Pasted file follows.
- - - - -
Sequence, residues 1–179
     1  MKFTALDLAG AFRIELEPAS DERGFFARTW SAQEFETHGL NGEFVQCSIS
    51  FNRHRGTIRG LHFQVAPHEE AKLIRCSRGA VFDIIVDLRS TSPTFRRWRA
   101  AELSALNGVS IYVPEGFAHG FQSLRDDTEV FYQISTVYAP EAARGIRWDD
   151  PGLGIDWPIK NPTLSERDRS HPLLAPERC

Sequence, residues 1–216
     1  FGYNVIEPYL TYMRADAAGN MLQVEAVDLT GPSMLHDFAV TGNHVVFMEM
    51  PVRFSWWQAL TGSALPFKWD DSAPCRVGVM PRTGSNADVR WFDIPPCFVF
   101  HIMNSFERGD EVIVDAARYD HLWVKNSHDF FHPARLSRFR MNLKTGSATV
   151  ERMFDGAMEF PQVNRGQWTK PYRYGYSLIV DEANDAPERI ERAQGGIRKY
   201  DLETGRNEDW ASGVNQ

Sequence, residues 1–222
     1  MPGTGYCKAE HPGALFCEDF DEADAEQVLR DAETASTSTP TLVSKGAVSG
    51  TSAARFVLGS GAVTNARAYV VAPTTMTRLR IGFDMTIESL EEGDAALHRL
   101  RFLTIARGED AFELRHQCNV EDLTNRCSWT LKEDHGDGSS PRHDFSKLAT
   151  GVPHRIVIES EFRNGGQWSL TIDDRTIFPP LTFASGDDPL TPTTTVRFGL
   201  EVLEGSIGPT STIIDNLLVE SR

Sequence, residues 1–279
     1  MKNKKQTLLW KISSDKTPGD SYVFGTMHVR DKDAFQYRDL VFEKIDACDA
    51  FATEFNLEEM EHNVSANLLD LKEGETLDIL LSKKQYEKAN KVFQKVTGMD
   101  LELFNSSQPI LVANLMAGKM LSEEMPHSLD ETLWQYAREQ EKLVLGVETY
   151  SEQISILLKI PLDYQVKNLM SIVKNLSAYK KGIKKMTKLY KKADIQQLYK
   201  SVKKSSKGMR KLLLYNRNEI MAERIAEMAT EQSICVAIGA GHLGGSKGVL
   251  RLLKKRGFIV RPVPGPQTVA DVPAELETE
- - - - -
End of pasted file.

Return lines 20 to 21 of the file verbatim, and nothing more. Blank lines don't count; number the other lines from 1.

    51  FATEFNLEEM EHNVSANLLD LKEGETLDIL LSKKQYEKAN KVFQKVTGMD
   101  LELFNSSQPI LVANLMAGKM LSEEMPHSLD ETLWQYAREQ EKLVLGVETY